Is the private rented sector housing’s best hope?

The housing sector faces one pretty insurmountable challenge right now.

Put aside the worries over planning, affordable housing and access to development finance: it’s mortgages, stupid. The latest figures from the Council of Mortgage Lenders show that the volume of mortgage lending is still running at not far above half its long-term average. Any desire to return to 2007 - or, God forbid, sixties - levels of housebuilding, runs up against this problem. Namely, how to replace the approximate £75bn a year that until 2008 was being invested in the sector. Because lending volumes are not predicted to improve any time soon. And forget any notion of affordable housing filling the gap - with spending more than halved by the coalition and recent announcements promising little more, government funding is just not there.

No surprise then that almost everyone in the housing sector - builders, developers, politicians - are looking to the private rented sector (PRS) as the great hope for growth. The idea is that if a way can be found to attract institutional investors - pension funds, insurance funds, sovereign wealth funds - to put money into rented housing schemes, a new source of funding for house construction can be found. New buyers, in the form of institutions who then let the properties privately, will mean more homes built. Supporting this view is property data expert the Investment Property Databank (IPD), showing that over the last 10 years investment in housing to rent by commercial investors has outperformed money put into commercial property or the stock market - both darlings of the institutional sector.

This interest has prompted a flurry of political and developer activity around the issue - including the possibility of hard cash from the government and up to £10bn of guaranteed returns for investors, underwritten by the taxpayer. But despite this talk, so far very few deals have been signed. So is the private rented sector really the white knight ready to ride to the rescue of the UK housebuilding sector, and, if it is, what are the barriers it needs to overcome?


Grainger is considering building homes for rent at its 2,500-home Berewood Village scheme in Waterlooville, designed by Robert Adam Architects

Everyone’s bright idea

This week a commission set up by the RIBA - the Future Homes Commission - has become the latest to endorse the private rented sector. It found local government pension schemes, which have around £180bn under management, have the financial capacity to put £10bn into the sector with a “local housing development fund”. And why wouldn’t they? The IPD data shows the total return on private rented housing stands at an average of 9.6% per year over the last decade, compared to just 6.9% for commercial property, and just 4.8% for shares.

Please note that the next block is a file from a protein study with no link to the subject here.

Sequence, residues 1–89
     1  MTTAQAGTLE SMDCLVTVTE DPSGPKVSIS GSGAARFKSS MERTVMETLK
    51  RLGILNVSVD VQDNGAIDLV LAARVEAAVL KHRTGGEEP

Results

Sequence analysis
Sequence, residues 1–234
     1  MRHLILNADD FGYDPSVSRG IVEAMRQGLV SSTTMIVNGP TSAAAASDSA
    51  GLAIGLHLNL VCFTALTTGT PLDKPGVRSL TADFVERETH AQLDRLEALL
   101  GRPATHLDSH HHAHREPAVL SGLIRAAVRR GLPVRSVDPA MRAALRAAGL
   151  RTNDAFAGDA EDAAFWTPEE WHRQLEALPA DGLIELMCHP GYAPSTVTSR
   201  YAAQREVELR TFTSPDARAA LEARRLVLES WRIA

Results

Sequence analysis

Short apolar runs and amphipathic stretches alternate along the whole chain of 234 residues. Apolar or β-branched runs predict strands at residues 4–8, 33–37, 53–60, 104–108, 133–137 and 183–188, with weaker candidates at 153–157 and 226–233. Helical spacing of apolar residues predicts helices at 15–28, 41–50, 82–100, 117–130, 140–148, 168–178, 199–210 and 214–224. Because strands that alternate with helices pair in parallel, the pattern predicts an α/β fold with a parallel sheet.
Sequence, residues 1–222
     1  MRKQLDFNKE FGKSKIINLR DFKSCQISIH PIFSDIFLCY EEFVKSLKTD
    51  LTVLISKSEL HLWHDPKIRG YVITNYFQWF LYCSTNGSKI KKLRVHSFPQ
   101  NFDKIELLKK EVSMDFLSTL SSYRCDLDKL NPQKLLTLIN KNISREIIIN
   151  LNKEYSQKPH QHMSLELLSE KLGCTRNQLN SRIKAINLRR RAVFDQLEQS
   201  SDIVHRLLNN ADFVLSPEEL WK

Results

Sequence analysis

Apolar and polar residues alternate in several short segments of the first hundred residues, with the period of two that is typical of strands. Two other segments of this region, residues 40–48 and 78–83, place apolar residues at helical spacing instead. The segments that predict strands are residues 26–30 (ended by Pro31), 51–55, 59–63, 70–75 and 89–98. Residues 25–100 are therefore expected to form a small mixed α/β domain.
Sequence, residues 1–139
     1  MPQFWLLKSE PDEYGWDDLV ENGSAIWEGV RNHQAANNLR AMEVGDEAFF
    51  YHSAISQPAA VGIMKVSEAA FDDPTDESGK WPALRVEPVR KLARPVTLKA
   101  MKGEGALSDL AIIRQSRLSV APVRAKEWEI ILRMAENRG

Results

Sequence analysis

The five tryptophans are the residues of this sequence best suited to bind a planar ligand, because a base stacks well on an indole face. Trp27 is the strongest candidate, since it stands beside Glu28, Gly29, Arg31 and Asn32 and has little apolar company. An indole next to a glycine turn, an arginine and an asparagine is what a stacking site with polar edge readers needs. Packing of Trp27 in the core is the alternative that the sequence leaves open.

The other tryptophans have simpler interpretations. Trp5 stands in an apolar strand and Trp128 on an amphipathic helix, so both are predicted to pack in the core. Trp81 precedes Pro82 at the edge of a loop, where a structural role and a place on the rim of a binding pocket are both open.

Sir John Banham, previously both director general of the CBI and controller of the Audit Commission, who chaired the Future Homes Commission, says investors “can’t wait” to get their hands on this investment opportunity.

“Once you get 10% returns,” he told the Home Builders Federation’s (HBF) annual market intelligence conference, “you’ll be amazed how many investors there are who claim it was their idea in the first place.”

Once you get 10% returns, you’ll be amazed how many investors there are who claim it was their idea in the first place

John Banham, Future Homes Commission

The RIBA report follows a government-commissioned report on the issue by venture capitalist Sir Adrian Montague, which was published in August. Following detailed consultation with the industry, it laid out a vision of private investment in rented housing encouraged by greater flexibility from local authorities over the requirement for affordable housing on private rented sites, and greater use of surplus public sector sites.

In response the government not only endorsed this vision, on 6 September it said it would underwrite investors’ returns into private rented schemes, to the tune of £10bn, and set up a £200m equity fund to help get marginal schemes over the finish line (see box overleaf). So with UK domestic rents at an all time high according to the IPD, and with uncertain stock markets and low UK interest rates, proponents of the idea say housing for rent has the capacity to generate the kind of decent low risk returns that institutions are looking for. If funds do decide to buy new-build schemes for rent, it could provide a new class of customer for housebuilders held back by the mortgage drought.

John Stewart, director of economic affairs at the HBF, admits the body’s members are looking very seriously at it.

“Our members are quite happy to sell to institutional investors. This is very serious stuff, and a number are working away very hard at investigating it, engaging in a lot of creative thinking,” he says. So what is the industry waiting for?


Investment gap

First, the appetite for investment by UK financial institutions is reduced as they have little track record in investing in rented housing, meaning there are few of the all-important comparators required by risk-averse investors. A spokesperson for the Pension Protection Fund, for example, said it was “too early” for them to offer an opinion on whether their members would be keen to invest in the PRS. But it has been more than three years since the Homes and Communities Agency launched its Private Rented Sector Initiative, a forerunner to the current push, and the issue has drifted on and off of the political agenda for the last three decades.